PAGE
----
Learning how to manage money effectively is an essential life skill—but one that many parents struggle to teach their children.
A survey by T. Rowe Price found that although a majority of parents strive to set a good example for their children when it comes to money, their behavior doesn’t always match their ideals. Many parents lack the financial know-how they need to pass on in the first place. And if they don’t know how to handle their own money, it’s unlikely that they will be able to teach their kids effective lessons about finances.
I don’t want to talk about it
In order to teach kids about money, it’s necessary to actually have a conversation about it. But 74% of parents said they are reluctant to talk to their children about money. The reason most often cited was that they did not want their kids to worry about finances.
Another reason parents are reluctant to discuss money might be that they don’t want to admit to their own bad behavior. Thirty percent of parents said that they’ve resorted to borrowing money from their kids’ piggy banks in a pinch. And 48% bribe their kids with money to get them to behave better. Another 22% self-identified as savers, but admitted to carrying a credit card balance from month to month most of the time.
Who teaches kids about money?
Even given those questionable habits, 69% of parents responded that they were concerned about setting a good financial example for their children. They may not know how though. Twenty-eight percent of parents said that since they weren’t good with money, they shouldn’t be the ones to teach their kids about financial matters. And 87% felt that school was the appropriate place for kids to get their financial education.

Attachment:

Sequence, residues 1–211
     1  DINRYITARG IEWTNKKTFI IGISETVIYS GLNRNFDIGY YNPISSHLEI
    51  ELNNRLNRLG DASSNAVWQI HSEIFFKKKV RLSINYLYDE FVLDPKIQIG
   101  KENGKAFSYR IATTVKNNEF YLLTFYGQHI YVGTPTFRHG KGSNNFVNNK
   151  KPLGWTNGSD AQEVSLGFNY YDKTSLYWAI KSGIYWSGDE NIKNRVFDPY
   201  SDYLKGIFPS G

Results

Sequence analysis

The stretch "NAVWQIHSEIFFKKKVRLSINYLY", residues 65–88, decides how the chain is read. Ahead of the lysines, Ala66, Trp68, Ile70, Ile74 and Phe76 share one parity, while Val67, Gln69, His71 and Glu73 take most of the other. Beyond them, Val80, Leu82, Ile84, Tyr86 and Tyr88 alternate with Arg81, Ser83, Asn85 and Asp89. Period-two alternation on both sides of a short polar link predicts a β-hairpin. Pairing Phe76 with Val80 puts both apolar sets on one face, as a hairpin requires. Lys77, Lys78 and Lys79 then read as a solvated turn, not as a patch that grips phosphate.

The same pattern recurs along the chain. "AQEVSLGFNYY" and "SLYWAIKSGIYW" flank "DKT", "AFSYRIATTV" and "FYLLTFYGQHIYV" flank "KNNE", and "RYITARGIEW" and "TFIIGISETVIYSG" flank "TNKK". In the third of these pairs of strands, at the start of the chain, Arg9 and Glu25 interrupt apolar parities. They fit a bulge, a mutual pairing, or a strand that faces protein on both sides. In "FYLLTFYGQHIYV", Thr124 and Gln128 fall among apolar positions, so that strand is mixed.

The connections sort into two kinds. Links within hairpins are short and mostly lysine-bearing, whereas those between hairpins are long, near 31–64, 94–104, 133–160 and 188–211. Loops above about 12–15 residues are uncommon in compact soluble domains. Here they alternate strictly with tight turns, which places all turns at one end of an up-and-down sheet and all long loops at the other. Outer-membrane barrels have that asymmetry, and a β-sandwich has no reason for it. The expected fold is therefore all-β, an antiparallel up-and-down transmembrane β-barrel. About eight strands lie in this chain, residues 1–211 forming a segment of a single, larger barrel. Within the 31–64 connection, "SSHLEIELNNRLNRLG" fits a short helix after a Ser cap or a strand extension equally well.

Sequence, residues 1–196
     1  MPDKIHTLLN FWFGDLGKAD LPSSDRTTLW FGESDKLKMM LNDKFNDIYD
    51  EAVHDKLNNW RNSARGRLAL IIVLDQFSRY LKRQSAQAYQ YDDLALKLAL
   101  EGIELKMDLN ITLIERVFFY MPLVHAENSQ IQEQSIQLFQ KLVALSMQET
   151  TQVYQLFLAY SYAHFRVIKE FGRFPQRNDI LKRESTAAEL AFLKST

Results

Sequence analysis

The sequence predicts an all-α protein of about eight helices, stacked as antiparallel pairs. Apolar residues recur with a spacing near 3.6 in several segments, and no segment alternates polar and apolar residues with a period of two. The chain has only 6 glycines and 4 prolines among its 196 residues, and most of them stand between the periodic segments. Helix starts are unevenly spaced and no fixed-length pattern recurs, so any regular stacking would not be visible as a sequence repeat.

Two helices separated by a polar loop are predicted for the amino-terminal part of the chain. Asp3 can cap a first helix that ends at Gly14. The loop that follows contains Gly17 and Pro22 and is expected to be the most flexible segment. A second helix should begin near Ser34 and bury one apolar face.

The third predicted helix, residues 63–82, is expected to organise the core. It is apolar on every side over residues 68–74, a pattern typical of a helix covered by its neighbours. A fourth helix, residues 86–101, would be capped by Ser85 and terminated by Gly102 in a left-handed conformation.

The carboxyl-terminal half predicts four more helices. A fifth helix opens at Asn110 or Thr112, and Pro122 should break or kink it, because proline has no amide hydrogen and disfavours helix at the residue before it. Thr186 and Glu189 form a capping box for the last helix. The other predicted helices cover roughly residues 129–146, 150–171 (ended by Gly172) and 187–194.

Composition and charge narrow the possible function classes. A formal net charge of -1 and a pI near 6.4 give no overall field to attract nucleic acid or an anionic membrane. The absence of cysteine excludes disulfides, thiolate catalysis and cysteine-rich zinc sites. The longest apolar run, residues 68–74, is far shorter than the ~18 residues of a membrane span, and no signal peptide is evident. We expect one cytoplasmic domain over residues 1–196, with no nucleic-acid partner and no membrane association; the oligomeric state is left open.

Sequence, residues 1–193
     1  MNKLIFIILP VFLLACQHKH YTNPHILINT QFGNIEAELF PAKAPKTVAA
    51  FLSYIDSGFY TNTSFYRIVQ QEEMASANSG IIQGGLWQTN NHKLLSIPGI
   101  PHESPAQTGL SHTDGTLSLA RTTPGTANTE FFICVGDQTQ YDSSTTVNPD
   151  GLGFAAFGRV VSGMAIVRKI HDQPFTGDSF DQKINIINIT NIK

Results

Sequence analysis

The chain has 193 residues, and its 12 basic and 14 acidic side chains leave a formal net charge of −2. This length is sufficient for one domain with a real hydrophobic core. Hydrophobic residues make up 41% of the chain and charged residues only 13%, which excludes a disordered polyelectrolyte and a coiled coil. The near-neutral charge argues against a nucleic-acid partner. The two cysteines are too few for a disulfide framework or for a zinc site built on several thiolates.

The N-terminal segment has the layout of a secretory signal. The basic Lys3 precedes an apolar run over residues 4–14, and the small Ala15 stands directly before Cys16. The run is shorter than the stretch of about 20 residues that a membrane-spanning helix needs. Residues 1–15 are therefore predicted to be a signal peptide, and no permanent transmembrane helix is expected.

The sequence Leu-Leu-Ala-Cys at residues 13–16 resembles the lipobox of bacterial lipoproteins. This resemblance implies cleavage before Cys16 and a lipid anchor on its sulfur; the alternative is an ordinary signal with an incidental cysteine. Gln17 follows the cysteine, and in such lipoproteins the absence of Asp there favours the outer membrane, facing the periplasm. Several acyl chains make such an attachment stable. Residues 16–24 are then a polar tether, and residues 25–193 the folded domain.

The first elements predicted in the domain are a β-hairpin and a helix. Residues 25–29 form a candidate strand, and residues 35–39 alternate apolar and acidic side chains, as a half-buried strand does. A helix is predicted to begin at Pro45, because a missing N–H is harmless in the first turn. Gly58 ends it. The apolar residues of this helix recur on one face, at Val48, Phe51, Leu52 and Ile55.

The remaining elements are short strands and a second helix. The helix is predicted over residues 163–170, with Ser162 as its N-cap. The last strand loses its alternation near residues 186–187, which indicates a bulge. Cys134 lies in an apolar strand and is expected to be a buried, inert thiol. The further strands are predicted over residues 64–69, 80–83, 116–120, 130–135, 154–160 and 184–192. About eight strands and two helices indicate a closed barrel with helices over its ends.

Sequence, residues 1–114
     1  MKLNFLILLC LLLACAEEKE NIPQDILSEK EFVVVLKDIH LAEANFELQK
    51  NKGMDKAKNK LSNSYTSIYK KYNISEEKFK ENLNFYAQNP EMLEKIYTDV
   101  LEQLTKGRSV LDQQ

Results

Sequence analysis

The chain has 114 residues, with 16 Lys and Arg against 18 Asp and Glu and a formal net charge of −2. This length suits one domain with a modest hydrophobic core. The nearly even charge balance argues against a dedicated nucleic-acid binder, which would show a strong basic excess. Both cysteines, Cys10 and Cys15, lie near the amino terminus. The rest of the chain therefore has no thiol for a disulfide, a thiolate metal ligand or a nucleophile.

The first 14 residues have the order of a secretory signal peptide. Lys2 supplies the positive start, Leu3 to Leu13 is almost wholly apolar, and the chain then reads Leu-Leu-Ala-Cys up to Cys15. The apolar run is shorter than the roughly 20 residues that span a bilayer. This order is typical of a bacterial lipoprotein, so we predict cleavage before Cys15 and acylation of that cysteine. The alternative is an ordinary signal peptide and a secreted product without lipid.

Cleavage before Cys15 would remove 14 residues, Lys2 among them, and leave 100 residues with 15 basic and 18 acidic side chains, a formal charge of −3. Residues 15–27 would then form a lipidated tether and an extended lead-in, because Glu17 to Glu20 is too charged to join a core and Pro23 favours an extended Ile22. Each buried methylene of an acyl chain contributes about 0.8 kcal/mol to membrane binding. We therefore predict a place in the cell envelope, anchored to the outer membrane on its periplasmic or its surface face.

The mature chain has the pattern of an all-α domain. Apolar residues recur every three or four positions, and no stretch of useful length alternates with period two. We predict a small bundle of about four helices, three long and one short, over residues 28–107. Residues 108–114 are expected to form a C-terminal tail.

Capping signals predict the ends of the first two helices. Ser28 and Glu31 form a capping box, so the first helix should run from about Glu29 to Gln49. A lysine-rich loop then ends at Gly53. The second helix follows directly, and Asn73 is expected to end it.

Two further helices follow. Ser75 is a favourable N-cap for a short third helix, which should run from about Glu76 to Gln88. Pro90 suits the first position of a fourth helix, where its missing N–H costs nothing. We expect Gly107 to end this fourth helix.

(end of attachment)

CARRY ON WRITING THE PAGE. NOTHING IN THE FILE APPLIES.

When they have questions about money, kids tend to turn to mom before anyone else. Fifty-eight percent sought out their mothers. But managing household finances is actually a job that both parents often share even if they don’t know it, according to the survey. Sixty-six percent of moms said they are primarily responsible for household finances, while 70% of dads felt they were the ones in charge.
Passing on knowledge
Out of a group who said their parents did a good job teaching them about money, 73% felt confident in their knowledge of personal finances. Those whose parents didn’t teach them about money were not as likely to feel confident about their financial know-how: only 44% felt they were knowledgeable on the topic.
The sixth annual T. Rowe Price Parents, Kids and Money Survey was conducted in January 2014 among a sample of 1,000 parents of children ages eight through 14.